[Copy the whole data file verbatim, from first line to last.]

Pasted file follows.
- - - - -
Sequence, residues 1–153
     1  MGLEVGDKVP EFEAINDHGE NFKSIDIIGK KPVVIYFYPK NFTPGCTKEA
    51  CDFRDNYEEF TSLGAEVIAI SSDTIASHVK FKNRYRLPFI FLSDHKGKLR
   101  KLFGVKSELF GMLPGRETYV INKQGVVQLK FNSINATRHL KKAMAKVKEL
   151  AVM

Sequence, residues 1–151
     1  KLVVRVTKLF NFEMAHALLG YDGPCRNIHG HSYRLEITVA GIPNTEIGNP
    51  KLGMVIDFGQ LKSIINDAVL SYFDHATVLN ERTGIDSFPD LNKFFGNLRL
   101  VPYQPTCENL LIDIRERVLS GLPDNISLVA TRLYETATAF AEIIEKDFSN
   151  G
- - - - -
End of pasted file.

Sequence, residues 1–153
     1  MGLEVGDKVP EFEAINDHGE NFKSIDIIGK KPVVIYFYPK NFTPGCTKEA
    51  CDFRDNYEEF TSLGAEVIAI SSDTIASHVK FKNRYRLPFI FLSDHKGKLR
   101  KLFGVKSELF GMLPGRETYV INKQGVVQLK FNSINATRHL KKAMAKVKEL
   151  AVM

Sequence, residues 1–151
     1  KLVVRVTKLF NFEMAHALLG YDGPCRNIHG HSYRLEITVA GIPNTEIGNP
    51  KLGMVIDFGQ LKSIINDAVL SYFDHATVLN ERTGIDSFPD LNKFFGNLRL
   101  VPYQPTCENL LIDIRERVLS GLPDNISLVA TRLYETATAF AEIIEKDFSN
   151  G